In some Buddhist traditions people bring in the New Year with contemplation, evaluation, and meditation. One element of this celebration can be a fire ceremony where the karma of the old year is symbolically burned leaving one open to the next moment. Usually, after yet more meditation, at midnight a bell is rung to welcome in the New Year. Or, to put it more accurately, they bring in the happy new instant.
So, before the old moment bleeds into the new one, here are a few things cultural and political to remember and be grateful for about the last calendar year in San Diego as the next one comes into being.
The Far East: Everything Just As It Is
This groundbreaking anthology of prose, fiction, poetry, art, photography and spoken word notes of East County, “It’s in many things—a hooker on the court, a California poppy, wild, among the brush along the freeway. It’s in a temporary connection with a stranger on the trolley, or the recognition that there are still fruit bearing trees . . . It’s everything just as it is.”
While the anthology itself is full of beautiful poetry about the natural splendor of our city’s eastern half, such as Steve Kowit’s sublime “Dusk in the Cuyamacas” and Heather Eudy’s “California Poppy,” it also features the noir side underneath the tourist postcard. It is an innovative, multidisciplinary alternative cultural roadmap that does for East County what no other cultural document has done to date—explore that part of our cityspace without feeble booster sunglasses. For this editor Mindy Solis and the folks in the Grossmont Community College Creative Writing Program, such as Sydney Brown (who has done great work for years on their literary arts festival), deserve much credit.
The Far East: Everything Just As It Is is exactly the kind of smart literary/cultural work that this city needs; it is an invaluable step in the fledgling process of representing the unrepresented San Diego.
This is Arthur Salm’s debut novel, a young adult book, something those of us who have known Arthur for many years might not have expected. But Anyway* is not just any kid’s book, as the Washington Post’s review of Salm’s novel observes, “The asterisk in the title points to an explanation that says, ‘A story about me, with 138 footnotes, 27 exaggerations and 1 plate of spaghetti.’ What this story is really about is a boy who takes advantage of going away to camp to assume another identity — Mad Max, a wild and reckless guy. Everything about this book screams summer fun.”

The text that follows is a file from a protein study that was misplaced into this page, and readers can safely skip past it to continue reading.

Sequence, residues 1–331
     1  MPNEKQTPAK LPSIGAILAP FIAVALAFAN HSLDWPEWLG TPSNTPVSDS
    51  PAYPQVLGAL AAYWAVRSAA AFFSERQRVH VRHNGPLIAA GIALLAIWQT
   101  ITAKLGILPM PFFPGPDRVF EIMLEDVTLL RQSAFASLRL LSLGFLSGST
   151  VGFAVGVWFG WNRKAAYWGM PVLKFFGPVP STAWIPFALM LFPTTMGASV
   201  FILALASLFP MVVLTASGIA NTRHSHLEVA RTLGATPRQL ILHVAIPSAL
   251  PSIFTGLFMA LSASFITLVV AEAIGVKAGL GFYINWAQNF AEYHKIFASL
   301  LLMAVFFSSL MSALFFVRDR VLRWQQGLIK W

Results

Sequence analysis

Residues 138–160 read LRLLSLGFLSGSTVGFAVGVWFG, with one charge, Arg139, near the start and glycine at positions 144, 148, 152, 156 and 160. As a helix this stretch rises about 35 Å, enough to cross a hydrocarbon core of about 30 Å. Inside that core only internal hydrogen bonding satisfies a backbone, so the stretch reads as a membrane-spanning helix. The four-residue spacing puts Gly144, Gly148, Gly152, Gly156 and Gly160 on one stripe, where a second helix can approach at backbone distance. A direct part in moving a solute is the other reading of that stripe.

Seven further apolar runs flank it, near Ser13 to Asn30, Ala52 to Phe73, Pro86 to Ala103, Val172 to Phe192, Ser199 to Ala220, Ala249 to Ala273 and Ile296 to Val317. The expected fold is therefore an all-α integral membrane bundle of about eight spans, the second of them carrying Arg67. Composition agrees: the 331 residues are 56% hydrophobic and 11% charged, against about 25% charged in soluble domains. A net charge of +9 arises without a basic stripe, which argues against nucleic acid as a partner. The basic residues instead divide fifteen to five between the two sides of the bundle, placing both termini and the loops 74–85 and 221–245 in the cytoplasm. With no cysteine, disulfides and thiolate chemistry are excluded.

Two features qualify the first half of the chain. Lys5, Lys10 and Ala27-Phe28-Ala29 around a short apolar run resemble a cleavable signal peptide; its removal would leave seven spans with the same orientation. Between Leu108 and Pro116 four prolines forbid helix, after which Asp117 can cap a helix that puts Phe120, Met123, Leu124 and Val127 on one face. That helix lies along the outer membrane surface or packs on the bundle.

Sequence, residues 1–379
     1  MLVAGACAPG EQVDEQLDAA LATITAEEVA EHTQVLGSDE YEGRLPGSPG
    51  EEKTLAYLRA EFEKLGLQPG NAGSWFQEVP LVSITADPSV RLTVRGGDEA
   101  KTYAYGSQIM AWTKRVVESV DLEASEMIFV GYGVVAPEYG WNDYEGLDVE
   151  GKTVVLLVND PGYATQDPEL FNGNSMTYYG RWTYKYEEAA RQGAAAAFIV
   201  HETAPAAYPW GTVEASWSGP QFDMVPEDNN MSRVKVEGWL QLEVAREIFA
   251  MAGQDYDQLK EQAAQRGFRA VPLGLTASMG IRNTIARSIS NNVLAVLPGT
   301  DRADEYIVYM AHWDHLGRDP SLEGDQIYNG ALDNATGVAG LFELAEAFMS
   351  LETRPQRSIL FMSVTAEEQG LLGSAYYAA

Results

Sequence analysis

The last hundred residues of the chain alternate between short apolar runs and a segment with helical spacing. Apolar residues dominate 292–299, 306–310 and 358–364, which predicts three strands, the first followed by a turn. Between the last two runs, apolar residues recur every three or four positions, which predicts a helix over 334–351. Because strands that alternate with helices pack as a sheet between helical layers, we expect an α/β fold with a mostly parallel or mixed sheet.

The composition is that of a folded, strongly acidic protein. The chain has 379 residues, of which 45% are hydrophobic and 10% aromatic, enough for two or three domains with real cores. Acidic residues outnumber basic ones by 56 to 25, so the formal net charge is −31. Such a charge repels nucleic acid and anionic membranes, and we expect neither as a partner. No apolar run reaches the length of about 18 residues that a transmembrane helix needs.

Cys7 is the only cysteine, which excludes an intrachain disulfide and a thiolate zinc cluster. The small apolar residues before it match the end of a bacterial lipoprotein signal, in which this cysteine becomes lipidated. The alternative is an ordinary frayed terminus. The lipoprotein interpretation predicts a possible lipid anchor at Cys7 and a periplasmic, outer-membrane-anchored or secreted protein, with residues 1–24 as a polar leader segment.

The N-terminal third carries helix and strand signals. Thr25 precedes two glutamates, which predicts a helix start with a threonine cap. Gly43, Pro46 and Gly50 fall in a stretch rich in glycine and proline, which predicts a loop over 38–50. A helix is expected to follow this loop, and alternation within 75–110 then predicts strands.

Thus Salm (who was the book review editor at the San Diego Union-Tribune, back when that was the only reason other than sports to buy the paper) has penned a deeply innovative tale that takes risks with the genre and succeeds wildly. After the many years of good work that Arthur did for literature in San Diego, nobody deserves a solid debut more than he.
Gregory Page and Shine, Shine, Shine
I’m listing the artist and his award-winning album because it’s not just his stunning new collection of big band style ballads that deserves note but also his generous work in helping to commemorate the centennial anniversary of the San Diego Free Speech Fight last winter and spring. Fresh off a tour, Gregory took the time to learn original IWW songs, put his sweetly melancholic stamp on them, and played a key part in a number of the Free Speech Fight commemorations. He graciously shared the stage with the Proles, an aspiring new group, as well as writers, student performers, and labor leaders. This and his work at Filner fundraisers make him deserving of a big thank you for his cultural and political work last year.
That Gregory blesses us with his hauntingly beautiful voice and wonderful historically informed, deeply nostalgic music is a gift for the whole city. He fills theatres in Europe but frequently flies under the radar screen here in his hometown of San Diego. He’s on tour in Australia as you read this, but if you haven’t ever seen him play, you need to make that happen. You can listen to and buy his independently produced music here.
Bob Filner and Us
For the first time in the history of San Diego, we have a genuinely progressive mayor. There is no other way to say it: this was the biggest political victory for progressives in San Diego, ever. The former Freedom Rider beat the spawn of Grover Norquist in Richard Nixon’s lucky city. Hallelujah!
And, early on, it appears he is willing to put his money where his mouth was. He is paying attention to the voices of the unrepresented and leading in a way we have never seen before—with a principled vision that puts ordinary people first.
We’ve already seen a small victory with the passage of the long-delayed Property Value Protection Ordinance and, when pressed by the Center on Policy Initiatives to make poverty a priority in his administration, Filner’s refreshing response was to tell them he was already on board, so what next?
Huge challenges loom in 2013 and beyond but it’s clear that if we stand behind this mayor and help push an activist agenda, there is hope we can make San Diego a better place for all of us.
Happy new instant, dear reader!